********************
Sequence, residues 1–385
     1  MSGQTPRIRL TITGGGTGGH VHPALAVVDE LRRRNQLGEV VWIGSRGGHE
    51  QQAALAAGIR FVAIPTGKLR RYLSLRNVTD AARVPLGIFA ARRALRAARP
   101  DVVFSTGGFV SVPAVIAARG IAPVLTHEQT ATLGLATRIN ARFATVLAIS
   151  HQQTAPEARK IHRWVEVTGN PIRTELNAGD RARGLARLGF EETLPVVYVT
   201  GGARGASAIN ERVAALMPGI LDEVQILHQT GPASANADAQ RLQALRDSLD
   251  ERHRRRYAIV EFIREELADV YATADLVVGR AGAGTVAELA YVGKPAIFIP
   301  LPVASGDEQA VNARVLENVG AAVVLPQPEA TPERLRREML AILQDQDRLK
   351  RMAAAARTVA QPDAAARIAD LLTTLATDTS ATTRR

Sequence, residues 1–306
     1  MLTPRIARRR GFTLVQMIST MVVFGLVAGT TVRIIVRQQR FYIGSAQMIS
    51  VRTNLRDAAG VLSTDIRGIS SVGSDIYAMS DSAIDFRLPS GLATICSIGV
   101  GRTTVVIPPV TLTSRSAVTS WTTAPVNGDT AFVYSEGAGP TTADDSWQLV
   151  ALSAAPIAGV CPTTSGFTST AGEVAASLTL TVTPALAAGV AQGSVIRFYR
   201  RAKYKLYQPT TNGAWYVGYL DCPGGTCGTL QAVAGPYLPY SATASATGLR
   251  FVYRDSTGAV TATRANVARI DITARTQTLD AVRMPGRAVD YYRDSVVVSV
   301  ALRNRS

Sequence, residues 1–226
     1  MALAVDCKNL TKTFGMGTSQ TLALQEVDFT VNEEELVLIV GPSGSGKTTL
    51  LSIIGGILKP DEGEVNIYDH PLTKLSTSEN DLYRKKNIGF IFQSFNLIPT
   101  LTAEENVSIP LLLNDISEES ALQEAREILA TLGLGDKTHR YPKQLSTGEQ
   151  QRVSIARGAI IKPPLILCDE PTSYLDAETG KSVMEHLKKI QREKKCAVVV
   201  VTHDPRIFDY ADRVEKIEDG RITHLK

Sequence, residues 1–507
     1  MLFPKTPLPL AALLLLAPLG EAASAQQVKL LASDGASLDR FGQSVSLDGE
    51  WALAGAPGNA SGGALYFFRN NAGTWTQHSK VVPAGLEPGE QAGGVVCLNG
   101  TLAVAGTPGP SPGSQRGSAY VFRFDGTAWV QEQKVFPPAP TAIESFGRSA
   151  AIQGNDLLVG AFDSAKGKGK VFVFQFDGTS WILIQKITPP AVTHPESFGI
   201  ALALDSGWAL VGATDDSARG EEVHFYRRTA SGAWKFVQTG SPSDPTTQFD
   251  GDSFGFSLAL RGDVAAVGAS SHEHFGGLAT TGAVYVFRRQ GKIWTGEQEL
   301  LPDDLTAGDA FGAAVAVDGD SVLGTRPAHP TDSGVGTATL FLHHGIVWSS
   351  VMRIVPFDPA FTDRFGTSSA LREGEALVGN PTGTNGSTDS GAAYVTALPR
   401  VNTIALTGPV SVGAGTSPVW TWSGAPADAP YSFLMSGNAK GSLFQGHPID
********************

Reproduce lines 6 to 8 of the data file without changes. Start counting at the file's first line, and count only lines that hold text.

   201  GGARGASAIN ERVAALMPGI LDEVQILHQT GPASANADAQ RLQALRDSLD
   251  ERHRRRYAIV EFIREELADV YATADLVVGR AGAGTVAELA YVGKPAIFIP
   301  LPVASGDEQA VNARVLENVG AAVVLPQPEA TPERLRREML AILQDQDRLK